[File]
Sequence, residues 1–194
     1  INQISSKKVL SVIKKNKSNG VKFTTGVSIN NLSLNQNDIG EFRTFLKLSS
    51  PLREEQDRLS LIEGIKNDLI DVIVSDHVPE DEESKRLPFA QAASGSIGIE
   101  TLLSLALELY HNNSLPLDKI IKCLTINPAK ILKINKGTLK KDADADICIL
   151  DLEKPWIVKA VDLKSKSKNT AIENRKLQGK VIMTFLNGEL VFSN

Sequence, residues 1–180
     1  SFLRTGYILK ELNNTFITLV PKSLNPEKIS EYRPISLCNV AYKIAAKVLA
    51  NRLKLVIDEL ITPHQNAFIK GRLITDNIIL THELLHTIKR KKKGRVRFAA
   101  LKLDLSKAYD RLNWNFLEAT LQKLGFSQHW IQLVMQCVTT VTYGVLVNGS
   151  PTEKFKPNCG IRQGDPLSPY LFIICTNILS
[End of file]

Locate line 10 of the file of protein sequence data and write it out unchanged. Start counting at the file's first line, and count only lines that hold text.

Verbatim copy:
   151  PTEKFKPNCG IRQGDPLSPY LFIICTNILS